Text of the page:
“As digital transformation takes the center stage, the generalist vs specialist debate is taking a definitive turn”- Rai S Mittal, Senior Partner, TITUS & CO., ADVOCATES

This Interview has been published by Pragya Chandni and The SuperLawyer Team

You’ve had an impressive journey in the legal field spanning over three decades, with experiences ranging from trial court practice to senior partnership at leading law firms. What initially drew you to pursue a career in law, and how did your early experiences shape your path?

To tell you what drove me, or what motivated me, to pursue a career in law can be an obvious answer but still it requires a bit of self-reflection. My passion for law and interest in becoming a lawyer came largely from it being intellectually challenging. I was perhaps also passionate about legally connected issues during my school and college days. My father being a lawyer and my interest in watching movies and reading crime fiction also contributed a bit in my desire to become a lawyer. Moreover, to be honest, with little understanding of science and lack of interest in accounting and management professions, I was left with just a few options and law was one of them. 

I’m normally quite a private person, so my journey as a lawyer wasn’t quite easy. As a ‘baby’ lawyer, I worked across many different areas of law. I was fortunate enough to have some amazing experiences very early in my career on a variety of issues including family laws, labour laws, consumer laws, criminal laws, revenue laws and property matters. While the thrill of being in district courts of my small hometown and learning so much in one go was amazing, it just wasn’t the same as practising in a large city in a professional environment with matters having substantial stakes. I then moved to Delhi and have since then practised all kinds of business and corporate laws across different practice areas.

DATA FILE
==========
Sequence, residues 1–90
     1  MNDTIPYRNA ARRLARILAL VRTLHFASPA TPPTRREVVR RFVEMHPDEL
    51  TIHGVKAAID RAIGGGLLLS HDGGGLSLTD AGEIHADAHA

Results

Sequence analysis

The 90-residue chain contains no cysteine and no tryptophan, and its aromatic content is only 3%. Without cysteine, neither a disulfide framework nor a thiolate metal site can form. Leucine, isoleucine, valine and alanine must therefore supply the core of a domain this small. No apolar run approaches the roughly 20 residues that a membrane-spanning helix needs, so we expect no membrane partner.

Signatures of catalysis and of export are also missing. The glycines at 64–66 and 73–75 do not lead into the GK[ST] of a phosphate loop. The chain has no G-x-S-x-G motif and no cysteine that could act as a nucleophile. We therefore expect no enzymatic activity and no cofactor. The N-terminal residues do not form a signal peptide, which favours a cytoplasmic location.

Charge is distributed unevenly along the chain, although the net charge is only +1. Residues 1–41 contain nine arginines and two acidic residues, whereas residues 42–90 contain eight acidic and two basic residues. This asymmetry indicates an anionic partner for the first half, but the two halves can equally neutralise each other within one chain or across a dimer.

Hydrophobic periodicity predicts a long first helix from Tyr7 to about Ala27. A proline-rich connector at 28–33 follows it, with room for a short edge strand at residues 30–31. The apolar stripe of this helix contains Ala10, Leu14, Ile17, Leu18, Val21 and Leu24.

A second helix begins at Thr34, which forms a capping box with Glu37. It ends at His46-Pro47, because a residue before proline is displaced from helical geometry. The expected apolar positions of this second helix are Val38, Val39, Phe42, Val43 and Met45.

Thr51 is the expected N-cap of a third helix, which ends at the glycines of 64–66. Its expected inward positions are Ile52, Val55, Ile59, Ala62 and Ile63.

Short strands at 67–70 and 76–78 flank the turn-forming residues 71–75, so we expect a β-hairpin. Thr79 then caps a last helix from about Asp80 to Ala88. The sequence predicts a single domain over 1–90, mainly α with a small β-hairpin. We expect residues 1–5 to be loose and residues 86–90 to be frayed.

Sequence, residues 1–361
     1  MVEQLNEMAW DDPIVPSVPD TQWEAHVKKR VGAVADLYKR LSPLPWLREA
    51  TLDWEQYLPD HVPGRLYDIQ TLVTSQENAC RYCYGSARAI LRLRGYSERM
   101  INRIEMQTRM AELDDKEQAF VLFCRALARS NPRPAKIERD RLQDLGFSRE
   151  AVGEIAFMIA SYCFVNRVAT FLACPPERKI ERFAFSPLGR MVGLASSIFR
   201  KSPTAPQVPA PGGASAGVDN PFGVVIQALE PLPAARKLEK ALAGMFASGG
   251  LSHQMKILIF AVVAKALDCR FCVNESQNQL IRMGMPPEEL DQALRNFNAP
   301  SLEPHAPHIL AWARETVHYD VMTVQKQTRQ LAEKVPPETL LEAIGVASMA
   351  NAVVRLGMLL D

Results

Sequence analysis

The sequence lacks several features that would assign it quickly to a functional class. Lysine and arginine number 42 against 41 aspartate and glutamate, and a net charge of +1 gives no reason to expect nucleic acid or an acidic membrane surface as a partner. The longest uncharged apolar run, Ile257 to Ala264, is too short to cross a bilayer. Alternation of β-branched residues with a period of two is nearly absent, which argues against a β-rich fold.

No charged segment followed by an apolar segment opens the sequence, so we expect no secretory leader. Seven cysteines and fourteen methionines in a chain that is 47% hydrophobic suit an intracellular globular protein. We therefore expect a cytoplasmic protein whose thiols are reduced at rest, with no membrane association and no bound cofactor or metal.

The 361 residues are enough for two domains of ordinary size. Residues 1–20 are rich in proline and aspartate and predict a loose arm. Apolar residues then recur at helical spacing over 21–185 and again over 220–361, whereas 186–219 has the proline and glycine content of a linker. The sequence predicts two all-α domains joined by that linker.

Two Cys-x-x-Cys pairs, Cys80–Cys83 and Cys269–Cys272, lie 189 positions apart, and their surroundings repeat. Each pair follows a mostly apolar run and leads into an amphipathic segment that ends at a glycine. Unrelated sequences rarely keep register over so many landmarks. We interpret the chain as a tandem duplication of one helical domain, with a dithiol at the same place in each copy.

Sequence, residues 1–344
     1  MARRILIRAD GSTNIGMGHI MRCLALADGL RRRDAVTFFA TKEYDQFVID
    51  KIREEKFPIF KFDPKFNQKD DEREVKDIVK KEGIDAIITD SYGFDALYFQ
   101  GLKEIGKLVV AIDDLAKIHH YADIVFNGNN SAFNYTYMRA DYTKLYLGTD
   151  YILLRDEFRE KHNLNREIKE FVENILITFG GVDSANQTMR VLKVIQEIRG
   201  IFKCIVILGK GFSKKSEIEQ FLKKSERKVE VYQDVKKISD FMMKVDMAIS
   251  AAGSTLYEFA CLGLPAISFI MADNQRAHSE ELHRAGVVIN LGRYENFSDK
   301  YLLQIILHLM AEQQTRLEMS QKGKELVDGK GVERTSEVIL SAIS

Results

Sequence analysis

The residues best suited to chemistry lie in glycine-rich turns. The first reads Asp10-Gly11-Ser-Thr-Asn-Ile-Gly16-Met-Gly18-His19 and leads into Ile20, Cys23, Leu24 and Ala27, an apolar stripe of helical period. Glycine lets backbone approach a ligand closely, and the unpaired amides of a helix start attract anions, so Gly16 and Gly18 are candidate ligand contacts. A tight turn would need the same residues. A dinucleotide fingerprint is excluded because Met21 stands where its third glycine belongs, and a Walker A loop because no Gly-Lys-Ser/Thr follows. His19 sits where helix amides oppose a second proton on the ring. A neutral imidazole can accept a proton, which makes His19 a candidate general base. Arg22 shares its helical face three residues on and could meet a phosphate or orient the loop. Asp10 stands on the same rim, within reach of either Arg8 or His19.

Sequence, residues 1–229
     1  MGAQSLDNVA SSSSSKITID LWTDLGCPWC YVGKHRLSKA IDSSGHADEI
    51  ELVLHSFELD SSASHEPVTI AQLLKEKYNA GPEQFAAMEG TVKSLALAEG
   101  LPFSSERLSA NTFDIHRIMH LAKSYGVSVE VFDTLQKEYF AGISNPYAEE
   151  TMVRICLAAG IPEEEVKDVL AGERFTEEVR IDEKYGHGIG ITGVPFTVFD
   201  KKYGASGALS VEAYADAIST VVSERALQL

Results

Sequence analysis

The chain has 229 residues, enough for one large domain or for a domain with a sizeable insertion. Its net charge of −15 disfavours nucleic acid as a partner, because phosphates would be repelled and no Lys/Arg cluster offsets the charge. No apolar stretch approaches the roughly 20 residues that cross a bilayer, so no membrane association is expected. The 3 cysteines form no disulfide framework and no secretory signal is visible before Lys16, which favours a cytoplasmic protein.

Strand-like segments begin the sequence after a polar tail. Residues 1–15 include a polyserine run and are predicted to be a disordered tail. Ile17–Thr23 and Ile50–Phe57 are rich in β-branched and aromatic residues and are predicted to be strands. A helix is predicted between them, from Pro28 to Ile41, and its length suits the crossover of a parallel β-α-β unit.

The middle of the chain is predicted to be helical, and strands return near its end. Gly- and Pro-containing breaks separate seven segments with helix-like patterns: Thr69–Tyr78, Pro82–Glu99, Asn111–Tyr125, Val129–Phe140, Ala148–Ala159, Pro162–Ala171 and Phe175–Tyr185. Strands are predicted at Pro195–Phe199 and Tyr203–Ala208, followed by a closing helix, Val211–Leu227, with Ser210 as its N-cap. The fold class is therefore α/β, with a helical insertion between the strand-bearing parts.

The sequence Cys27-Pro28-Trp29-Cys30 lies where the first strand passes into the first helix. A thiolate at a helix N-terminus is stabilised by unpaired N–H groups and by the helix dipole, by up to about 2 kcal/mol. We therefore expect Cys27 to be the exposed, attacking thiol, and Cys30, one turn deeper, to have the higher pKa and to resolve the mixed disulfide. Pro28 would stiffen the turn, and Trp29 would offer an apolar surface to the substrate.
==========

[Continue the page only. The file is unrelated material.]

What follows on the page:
Your expertise encompasses various legal domains, from dispute resolution to intellectual property rights. Could you share a pivotal moment or case in your career that significantly influenced your approach to practicing law or shaped your specialization?

During the initial years of my law practice, I got an amazing opportunity to work on a complicated matter which required substantial skills in a variety of laws including intellectual property laws, trade and contractual issues, criminal laws, foreign collaboration laws, government policies and tax laws as well as skills in court litigation and arbitration. It is then I realised that complexity requires teamwork and collaboration. In order to manage client matters effectively and efficiently, lawyers have to utilize a more diverse group of skills and people. What is also clear is that teamwork and collaboration require heavy doses of trust and shared responsibility. Furthermore, working on this case and many other interesting assignments of different nature ensured that I enjoy offering a range of diverse skills and an intelligent mix of knowledge from a variety of disciplines. 

As a seasoned business attorney, you’ve worked extensively with multinational corporations, navigating complex legal landscapes across different industries. Could you elaborate on a particularly challenging situation you encountered and how you successfully resolved it?

Another challenging work situation I encountered during the initial years of my career was when I was assigned a client project with tight deadlines and high expectations. There were several experienced legal teams working on the assignment for different parties from different jurisdictions including India, UAE, Japan and Mauritius. As someone lacking experience, I somewhat struggled with interactions and communication, which made collaborating with diverse teams a bit challenging. However, I soon recognised the importance of effective teamwork and found ways to navigate this situation. To overcome this difficulty, I proactively communicate my needs and concerns to the client and different teams. I asked for clear guidelines and expectations, ensuring that I had a clear understanding of my role and responsibilities. By focusing on my individual strengths, such as attention to detail and problem-solving abilities, I was able to make valuable contributions to the project. This experience taught me the importance of open communication, seeking support when needed, and the importance of meeting small deadlines to meet the primary deadline.